If you stay in this business long enough, everything old becomes new, and vice versa.
It’s worth noting that back in 1981, port and railroad people made no mention of any existing right-of-way across the county on an east-west alignment to Cherry Point. They concluded that obtaining that right-of-way would be too difficult.
One might wonder: Why wasn’t such a seemingly logical link between the two parallel rail lines built decades ago? The answer seems to be that these two lines (Blaine-Bellingham-Everett via the coast, and Sumas-Burlington, via the South Fork-Highway 9 trajectory) were not built to form a coherent rail network. They were competing lines.
I’m going to oversimplify a bit here and get true rail history scholars a bit agitated, but it basically went like this: The coastal line originated as the Fairhaven & Southern, which was absorbed by Great Northern and later became part of the BNSF system. The Sumas route, a portion of it at least, was built by the Bellingham Bay and British Columbia Railroad, which eventually joined the Milwaukee Road.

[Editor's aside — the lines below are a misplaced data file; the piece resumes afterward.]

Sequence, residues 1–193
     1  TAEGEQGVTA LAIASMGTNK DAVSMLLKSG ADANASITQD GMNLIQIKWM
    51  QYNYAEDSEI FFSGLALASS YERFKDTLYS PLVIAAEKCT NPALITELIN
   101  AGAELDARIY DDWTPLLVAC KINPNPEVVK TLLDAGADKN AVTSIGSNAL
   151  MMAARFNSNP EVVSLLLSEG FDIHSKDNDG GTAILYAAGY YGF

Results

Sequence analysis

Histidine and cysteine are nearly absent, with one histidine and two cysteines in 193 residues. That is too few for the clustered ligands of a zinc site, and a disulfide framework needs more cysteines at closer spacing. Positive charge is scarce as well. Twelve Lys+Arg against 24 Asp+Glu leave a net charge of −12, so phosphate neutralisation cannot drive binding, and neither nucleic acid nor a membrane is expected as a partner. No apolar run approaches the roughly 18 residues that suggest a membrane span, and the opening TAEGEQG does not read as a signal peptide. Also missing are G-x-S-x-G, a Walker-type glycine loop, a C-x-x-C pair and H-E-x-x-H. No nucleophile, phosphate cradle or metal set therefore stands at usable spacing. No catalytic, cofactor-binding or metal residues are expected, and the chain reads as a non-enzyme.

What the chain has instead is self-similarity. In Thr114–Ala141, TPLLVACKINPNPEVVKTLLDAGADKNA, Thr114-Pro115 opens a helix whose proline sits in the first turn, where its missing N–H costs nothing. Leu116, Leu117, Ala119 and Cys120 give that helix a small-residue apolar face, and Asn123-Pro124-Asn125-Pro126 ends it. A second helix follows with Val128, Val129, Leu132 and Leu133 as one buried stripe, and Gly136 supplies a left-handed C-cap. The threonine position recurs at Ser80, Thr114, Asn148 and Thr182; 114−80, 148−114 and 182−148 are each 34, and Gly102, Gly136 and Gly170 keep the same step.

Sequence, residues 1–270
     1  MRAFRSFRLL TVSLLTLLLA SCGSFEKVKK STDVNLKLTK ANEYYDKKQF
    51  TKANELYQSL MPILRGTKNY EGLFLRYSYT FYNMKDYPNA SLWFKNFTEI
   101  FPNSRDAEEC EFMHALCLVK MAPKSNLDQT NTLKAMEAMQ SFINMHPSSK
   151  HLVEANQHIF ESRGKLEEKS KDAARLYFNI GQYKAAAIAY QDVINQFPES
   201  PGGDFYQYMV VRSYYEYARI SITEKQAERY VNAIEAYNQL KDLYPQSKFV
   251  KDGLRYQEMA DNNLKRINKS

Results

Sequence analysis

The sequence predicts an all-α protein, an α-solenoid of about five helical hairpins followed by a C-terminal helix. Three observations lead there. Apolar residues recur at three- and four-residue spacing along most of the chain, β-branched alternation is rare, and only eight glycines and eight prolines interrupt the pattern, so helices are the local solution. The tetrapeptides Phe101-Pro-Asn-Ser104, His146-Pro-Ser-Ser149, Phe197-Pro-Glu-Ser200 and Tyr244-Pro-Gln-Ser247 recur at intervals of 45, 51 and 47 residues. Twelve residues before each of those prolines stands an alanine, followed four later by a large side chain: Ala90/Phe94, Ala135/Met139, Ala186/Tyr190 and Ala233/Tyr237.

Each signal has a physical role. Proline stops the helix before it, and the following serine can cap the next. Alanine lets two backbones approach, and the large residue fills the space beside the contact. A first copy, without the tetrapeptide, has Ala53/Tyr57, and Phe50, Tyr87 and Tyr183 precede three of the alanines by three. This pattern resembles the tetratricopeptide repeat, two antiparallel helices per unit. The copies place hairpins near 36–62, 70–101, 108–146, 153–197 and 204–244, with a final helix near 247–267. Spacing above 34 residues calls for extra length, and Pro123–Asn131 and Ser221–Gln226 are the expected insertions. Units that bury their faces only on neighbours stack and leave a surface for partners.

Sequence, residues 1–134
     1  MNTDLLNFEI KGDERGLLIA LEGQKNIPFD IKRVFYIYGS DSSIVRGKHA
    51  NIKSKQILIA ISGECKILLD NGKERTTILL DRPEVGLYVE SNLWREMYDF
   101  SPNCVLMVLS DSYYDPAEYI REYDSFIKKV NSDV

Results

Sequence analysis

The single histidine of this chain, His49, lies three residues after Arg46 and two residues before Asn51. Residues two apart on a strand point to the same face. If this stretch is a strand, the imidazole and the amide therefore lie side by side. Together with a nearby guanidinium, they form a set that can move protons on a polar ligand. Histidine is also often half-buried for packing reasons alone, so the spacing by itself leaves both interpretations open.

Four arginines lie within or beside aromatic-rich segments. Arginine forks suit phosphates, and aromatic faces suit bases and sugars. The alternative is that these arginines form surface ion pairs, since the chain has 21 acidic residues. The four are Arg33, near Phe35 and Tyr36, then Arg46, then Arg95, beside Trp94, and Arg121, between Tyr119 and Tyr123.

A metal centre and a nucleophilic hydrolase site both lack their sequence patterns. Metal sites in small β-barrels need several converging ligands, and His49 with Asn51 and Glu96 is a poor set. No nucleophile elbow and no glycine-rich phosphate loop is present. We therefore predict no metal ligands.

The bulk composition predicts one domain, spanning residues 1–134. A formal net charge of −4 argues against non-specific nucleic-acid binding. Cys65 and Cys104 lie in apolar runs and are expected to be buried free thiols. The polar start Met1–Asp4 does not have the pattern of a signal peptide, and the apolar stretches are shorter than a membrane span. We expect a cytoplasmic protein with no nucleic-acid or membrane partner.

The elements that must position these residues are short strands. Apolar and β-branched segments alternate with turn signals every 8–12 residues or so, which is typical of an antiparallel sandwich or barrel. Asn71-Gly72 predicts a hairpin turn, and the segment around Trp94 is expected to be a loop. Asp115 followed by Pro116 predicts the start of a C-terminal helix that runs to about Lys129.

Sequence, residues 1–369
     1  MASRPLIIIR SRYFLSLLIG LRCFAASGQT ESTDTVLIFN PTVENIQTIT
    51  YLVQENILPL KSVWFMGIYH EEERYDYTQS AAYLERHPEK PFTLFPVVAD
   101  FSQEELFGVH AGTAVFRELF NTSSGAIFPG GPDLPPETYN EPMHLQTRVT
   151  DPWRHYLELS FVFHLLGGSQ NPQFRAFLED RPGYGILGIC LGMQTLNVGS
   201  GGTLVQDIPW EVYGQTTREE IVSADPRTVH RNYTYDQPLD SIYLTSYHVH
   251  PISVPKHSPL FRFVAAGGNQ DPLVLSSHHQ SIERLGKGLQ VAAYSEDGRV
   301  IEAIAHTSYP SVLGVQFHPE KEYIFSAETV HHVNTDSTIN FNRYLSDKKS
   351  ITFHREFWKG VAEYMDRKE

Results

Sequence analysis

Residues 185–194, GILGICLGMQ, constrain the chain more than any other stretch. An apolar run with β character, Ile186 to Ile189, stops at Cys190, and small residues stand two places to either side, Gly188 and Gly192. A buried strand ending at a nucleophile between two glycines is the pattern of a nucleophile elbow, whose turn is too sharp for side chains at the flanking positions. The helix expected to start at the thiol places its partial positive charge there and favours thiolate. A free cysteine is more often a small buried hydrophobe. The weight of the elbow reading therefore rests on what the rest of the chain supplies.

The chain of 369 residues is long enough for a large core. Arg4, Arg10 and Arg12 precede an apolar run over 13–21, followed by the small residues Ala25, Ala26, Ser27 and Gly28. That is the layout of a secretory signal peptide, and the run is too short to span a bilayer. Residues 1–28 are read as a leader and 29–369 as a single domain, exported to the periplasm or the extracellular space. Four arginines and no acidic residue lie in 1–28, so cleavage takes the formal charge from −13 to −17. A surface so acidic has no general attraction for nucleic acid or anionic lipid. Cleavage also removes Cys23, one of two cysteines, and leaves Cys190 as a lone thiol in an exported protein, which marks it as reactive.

This BB&BC RR had tracks extending from Bellingham northeast through such places as Van Wyck and Goshen before joining up with the north-south line that linked Sumas to Sedro-Woolley and Burlington. The existence of that connection enabled Bellingham people to take the train to the first Northwest Washington Fair in Lynden in 2010.
But that link was abandoned when Milwaukee Road shut down. That leaves the Bellingham coastal route as the most direct rail connection to Cherry Point.